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Guide to the Zoya Shlakis Collection, 1902-2010
OCH/ZSC  
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Collection Overview
 
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Description
Zoya Shlakis was born in Mukden, China in 1927, to Stayses and Alexandra Shlakis. Her father was of Lithuanian descent and her mother a White Russian. The Shlakis family fled Russia for China, eventually settling in Shanghai in 1936. In 1948, as Communist forces advanced across China, the Shlakis family relocated to Taipei, Taiwan. In Taipei, Zoya acquired a Visa under the 1948 Displaced Persons Act, which allowed her legal entry into the U.S. The collection consists of records documenting Zoya's life in Shanghai (ca. 1930s-1940s), correspondence with friends and family, numerous Old China Hands activities, and photographs documenting the Shlakis family from the early days in Mukden in the 1920s until 2008.
Background
Zoya Shlakis was born in Mukden, China in 1927 to Stayses and Alexandra Shlakis. Her father was Lithuanian and her mother a White Russian. Due to the revolution and social unrest in Russia, the Shlakis family fled Russia for China. After Stayses managed to secure a position as a mechanic with the Chinese Postal Service, the Shlakis family moved from Mukden to Nanjing and eventually to Shanghai in 1936. Their lifestyle in Shanghai was by some standards unusual since, due to Stayses's job, they were given a residence inside the General Post Office of Shanghai with fully furnished quarters, servants, and access to the rooftop garden. During her time in Shanghai, Zoya was enrolled at Public and Thomas Hanbury School for Girls, participated in theater at the local British Lyceum, and joined the Army & Navy YMCA.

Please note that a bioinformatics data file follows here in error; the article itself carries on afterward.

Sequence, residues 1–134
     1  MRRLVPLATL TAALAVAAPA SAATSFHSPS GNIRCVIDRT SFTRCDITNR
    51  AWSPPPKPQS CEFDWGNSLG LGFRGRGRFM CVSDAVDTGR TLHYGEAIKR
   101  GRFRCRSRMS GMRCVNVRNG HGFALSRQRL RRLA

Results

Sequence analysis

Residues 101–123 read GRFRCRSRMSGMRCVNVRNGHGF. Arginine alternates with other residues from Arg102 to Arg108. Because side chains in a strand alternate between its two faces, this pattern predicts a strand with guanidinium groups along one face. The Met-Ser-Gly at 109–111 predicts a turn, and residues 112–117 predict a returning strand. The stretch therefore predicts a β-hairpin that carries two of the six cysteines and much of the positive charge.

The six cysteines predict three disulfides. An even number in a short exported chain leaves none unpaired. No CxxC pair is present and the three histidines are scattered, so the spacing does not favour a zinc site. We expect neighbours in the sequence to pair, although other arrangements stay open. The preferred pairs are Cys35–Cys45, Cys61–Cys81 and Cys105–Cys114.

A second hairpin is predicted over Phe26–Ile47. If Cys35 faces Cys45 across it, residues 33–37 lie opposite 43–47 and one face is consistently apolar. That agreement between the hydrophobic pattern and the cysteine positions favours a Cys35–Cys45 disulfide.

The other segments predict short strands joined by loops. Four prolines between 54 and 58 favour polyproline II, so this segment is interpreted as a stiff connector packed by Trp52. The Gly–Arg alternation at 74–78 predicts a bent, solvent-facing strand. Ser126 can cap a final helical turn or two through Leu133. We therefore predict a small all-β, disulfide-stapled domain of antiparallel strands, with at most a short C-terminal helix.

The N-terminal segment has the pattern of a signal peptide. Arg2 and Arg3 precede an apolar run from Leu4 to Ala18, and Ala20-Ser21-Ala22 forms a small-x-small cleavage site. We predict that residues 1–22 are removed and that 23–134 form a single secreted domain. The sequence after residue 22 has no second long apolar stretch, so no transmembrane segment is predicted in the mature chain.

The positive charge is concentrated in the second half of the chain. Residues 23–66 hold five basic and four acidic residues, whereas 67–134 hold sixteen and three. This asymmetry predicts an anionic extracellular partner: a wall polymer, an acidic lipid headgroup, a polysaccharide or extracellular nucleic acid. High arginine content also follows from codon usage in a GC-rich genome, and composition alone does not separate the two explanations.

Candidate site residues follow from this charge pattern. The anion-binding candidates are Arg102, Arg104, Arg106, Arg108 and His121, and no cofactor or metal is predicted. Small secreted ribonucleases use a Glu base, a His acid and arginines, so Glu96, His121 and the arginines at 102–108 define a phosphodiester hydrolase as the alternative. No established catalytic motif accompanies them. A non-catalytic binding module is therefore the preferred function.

Extent
17.60 linear feet
Restrictions
Copyright for unpublished materials authored or otherwise produced by the creator(s) of this collection has not been transferred to California State University, Northridge. Copyright status for other materials is unknown. Transmission or reproduction of materials protected by U.S. Copyright Law (Title 17, U.S.C.) beyond that allowed by fair use requires the written permission of the copyright owners. Works not in the public domain cannot be commercially exploited without permission of the copyright owners. Responsibility for any use rests exclusively with the user.
Availability
The collection is open for research use.